Sensors¶
Various sensors are used to obtain the information needed to estimate the position, velocity, and attitude of a system (Table 2) . Measurements from these sensors, taken over time, are combined using an Extended Kalman Filter (EKF) to arrive at an estimates that are more accurate or more timely than ones based on any single measurement.
Measurement  Sensor  Description 

Position  GPS

GPS provides position (Latitude/Longitude/Altitude) and
supplemental information (like standard deviation) to
the algorithm. This is used to update the errors in the
position (integrated velocity) estimate.

Velocity  1) Accelerometer
2) GPS

Accelerometers provide the high DR/lownoise signal
that is integrated to get high DR velocity information.
GPS provides velocity and supplemental information to
the algorithm (velocity, heading, latency, etc), which is
used to update errors due to integration of the
accelerometer signal (in particular, to estimate the
accelerometer bias).

Roll/Pitch  1) AngularRate
Sensor
2) Accelerometer

Angularrate sensors provide the high DR/lownoise
signal that is integrated to get high DR attitude
information. Accelerometers are used as a gravity
reference to update errors due to integration of the rate
sensor signal (in particular, to estimate the ratesensor
bias).

Heading  1) AngularRate
Sensor
2) Magnetometer
3) GPS

Angularrate sensors provide the high DR/lownoise
signal that is integrated to get high DR heading
information. Magnetometers are used as a north
reference to update errors due to integration of the rate
sensor signal (in particular, to estimate the zaxis rate
sensor bias). GPS also provides heading information,
which is used in lieu of magnetometer readings and can
be more accurate (less prone to disturbances) than the
magnetometer but available less often.

Other sensors, such as odometers, barometers, cameras, etc., may be incorporated into the EKF formulation to get improved results. However, incorporating data from any additional sensors would require a reformulation of the algorithm presented here.
Inertial sensors measure the true motion and attitude of a system, corrupted by bias, noise, and external influences. For instance, the accelerometer signal is a combination of platform motion and gravity[1], as well as sensor bias and noise. Simplified equations for the three sensors are provided below:
Items, such as misalignment, crosscoupling, etc. are ignored in this formulation they are accounted for during system calibration.
Additionally, sensor bias can be broken down further. In this paper, bias is modeled as a constant offset plus random drift:
The magnetic field vector, \(\vec{b}\), may be corrupted by hard and softiron sources present in the system in which the part is installed. Hard and softiron effects can be estimated by performing a “magneticalignment”[2] procedure once installed in the enduser’s system. The equations relating the hard and softiron effects[3] on the measured magnetic field is:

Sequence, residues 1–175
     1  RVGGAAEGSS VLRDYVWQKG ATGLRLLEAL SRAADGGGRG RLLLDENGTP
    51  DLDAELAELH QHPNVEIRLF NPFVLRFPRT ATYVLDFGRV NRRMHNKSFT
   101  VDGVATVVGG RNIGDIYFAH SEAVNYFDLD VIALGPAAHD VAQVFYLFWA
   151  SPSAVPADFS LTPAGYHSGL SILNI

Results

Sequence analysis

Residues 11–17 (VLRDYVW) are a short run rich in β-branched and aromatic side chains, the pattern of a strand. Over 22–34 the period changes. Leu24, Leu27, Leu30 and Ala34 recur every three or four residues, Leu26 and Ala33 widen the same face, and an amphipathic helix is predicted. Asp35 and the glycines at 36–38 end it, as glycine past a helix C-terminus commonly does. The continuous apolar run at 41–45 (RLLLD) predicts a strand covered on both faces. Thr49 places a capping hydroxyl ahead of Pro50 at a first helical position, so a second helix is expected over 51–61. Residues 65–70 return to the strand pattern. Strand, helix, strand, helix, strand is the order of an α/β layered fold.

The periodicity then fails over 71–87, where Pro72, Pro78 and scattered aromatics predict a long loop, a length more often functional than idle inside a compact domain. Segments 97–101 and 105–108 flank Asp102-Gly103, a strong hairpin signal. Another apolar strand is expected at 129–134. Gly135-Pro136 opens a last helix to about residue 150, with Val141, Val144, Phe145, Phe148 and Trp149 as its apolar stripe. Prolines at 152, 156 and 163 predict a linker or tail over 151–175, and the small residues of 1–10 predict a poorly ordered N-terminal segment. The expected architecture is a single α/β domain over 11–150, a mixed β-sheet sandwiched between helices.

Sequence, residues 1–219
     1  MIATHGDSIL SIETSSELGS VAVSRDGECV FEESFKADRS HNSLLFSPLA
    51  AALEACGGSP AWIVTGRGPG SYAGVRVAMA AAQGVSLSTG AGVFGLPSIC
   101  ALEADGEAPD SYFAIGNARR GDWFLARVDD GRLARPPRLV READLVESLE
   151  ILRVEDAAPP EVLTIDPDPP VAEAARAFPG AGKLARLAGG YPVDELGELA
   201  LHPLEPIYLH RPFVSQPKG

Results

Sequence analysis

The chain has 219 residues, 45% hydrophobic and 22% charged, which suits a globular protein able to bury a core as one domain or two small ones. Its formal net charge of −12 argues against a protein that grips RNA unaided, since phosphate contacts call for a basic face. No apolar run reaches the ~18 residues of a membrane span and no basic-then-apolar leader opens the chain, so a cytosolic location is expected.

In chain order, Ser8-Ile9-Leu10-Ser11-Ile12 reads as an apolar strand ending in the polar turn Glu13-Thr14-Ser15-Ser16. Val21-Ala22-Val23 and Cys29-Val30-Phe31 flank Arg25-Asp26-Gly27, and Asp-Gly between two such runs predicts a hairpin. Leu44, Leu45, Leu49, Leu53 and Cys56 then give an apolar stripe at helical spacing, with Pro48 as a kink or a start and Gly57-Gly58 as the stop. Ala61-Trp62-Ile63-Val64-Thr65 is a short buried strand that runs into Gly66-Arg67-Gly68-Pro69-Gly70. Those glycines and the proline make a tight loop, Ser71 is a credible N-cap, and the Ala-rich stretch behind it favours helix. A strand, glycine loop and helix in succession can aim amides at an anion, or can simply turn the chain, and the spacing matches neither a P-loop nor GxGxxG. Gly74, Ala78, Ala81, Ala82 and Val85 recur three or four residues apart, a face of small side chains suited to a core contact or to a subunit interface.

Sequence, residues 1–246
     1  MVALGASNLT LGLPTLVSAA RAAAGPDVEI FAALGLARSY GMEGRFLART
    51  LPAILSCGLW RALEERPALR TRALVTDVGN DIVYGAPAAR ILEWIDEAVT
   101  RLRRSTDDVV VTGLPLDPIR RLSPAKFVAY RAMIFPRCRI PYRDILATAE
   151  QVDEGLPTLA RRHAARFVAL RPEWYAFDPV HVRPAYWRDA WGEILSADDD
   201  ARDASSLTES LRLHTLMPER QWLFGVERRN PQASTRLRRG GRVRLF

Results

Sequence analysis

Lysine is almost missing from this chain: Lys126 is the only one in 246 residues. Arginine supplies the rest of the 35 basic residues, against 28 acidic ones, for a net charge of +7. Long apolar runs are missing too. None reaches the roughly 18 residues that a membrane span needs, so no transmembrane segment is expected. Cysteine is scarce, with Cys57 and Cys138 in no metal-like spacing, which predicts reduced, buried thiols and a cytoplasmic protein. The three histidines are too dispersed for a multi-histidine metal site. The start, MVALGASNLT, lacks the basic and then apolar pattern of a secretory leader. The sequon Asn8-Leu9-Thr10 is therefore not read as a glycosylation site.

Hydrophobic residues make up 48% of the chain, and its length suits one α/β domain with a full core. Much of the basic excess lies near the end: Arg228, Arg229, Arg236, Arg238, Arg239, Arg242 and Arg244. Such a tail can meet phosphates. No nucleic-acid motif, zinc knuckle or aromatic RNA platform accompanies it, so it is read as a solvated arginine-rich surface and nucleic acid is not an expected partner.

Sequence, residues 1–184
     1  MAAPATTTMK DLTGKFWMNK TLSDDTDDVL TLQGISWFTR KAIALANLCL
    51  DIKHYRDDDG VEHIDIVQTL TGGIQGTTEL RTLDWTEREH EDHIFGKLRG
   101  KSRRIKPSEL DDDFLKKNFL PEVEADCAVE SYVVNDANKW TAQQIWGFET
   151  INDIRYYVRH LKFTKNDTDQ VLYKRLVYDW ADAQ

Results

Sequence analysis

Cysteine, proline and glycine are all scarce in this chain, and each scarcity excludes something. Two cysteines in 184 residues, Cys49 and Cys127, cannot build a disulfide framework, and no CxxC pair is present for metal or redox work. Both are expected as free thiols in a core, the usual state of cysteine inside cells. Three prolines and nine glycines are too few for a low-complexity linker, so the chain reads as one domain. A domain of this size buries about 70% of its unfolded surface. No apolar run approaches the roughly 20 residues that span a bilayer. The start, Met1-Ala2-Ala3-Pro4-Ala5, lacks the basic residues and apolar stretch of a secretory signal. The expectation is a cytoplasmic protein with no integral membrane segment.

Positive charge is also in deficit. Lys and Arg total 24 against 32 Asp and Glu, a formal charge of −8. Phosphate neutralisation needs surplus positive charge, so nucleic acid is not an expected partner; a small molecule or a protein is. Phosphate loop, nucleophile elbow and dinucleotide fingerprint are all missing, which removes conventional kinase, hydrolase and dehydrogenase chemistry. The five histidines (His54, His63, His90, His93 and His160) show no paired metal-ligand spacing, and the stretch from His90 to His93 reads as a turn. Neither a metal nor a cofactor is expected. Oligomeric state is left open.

Where \(R_{SI}\) and \(S_{SI}\) represent the rotation and scaling of the magneticfield, \(\vec{b}\), due to softiron effects; \(\vec{m}_{HI}\) is the bias change in the magneticfield due to hardiron in the system. Sensor gain is measured during the calibration process with the system at room temperature; it does not vary much over temperature. Sensor bias, however, is strongly linked to temperature. The calibration process measures bias over temperature (from 40° C to +85° C). The temperature effect on the magnetometer is “ratiometric”; the unitized magneticfield vector is unaffected by temperature.
Finally, and most importantly for the Extended Kalman Filter application, all sensor noise signals are assumed to be white, Gaussian, stationary, and independent. This implies that a sensor’s noise characteristics are:
 zeromean (\(\mu = 0\))
 distributed according to a normal distribution with variance \(\sigma^2\)
 constant over time (\(\sigma^2 \ne f(t)\))
 uncorrelated with other signals (\(E{ \begin{bmatrix} { {\begin{pmatrix} {\sigma_{\omega,x}  E[\sigma_{\omega,x}]} \end{pmatrix}} \cdot {\begin{pmatrix} {\sigma_{\omega,y}  E[\sigma_{\omega,y}]} \end{pmatrix}} } \end{bmatrix} } = 0\))
The formulation of the covariance matrices relies heavily on these assumption.
Note
The processnoise vectors, \(\vec{w}\), result from sensor noise transmission through the individual statetransition models, described in the sections to come.
[1]  Due to the way the accelerometer measures acceleration, gravity appears like a deceleration and, as such, \(\vec{a}_{grav} = \vec{g}\). This is gravity deflecting the proofmass in the direction of the gravity vector; such a deflection caused solely by acceleration would require the body to accelerate in the negative direction. 
[2]  During a magnetic alignment maneuver, the magnetic measurements are recorded as the system rotates (about its zaxis) through 360 deg. Upon completion of the maneuver, a bestfit ellipse is determined and used to model the hard and softiron distortions in the system (described later). 
[3]  In general you want the magnetic sensor to be in as magnetically clean a location as possible. Even by correcting for hard and softiron using this relationship, large hard and softiron errors lead to progressively worse solutions.